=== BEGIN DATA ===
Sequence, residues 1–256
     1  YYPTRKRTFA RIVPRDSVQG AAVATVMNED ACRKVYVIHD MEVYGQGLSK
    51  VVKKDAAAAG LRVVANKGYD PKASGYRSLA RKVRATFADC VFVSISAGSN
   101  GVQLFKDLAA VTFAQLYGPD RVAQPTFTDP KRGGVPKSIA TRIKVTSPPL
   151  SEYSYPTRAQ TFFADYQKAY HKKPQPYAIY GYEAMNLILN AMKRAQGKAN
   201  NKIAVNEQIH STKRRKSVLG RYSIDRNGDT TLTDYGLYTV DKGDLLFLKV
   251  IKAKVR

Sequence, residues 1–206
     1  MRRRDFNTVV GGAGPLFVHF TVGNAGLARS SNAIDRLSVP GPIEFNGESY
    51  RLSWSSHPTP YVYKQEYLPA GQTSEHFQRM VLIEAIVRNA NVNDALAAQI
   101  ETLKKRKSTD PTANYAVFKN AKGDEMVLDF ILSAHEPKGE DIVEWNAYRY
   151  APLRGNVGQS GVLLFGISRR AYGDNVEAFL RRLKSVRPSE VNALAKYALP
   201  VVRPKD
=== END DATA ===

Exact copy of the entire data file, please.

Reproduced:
Sequence, residues 1–256
     1  YYPTRKRTFA RIVPRDSVQG AAVATVMNED ACRKVYVIHD MEVYGQGLSK
    51  VVKKDAAAAG LRVVANKGYD PKASGYRSLA RKVRATFADC VFVSISAGSN
   101  GVQLFKDLAA VTFAQLYGPD RVAQPTFTDP KRGGVPKSIA TRIKVTSPPL
   151  SEYSYPTRAQ TFFADYQKAY HKKPQPYAIY GYEAMNLILN AMKRAQGKAN
   201  NKIAVNEQIH STKRRKSVLG RYSIDRNGDT TLTDYGLYTV DKGDLLFLKV
   251  IKAKVR

Sequence, residues 1–206
     1  MRRRDFNTVV GGAGPLFVHF TVGNAGLARS SNAIDRLSVP GPIEFNGESY
    51  RLSWSSHPTP YVYKQEYLPA GQTSEHFQRM VLIEAIVRNA NVNDALAAQI
   101  ETLKKRKSTD PTANYAVFKN AKGDEMVLDF ILSAHEPKGE DIVEWNAYRY
   151  APLRGNVGQS GVLLFGISRR AYGDNVEAFL RRLKSVRPSE VNALAKYALP
   201  VVRPKD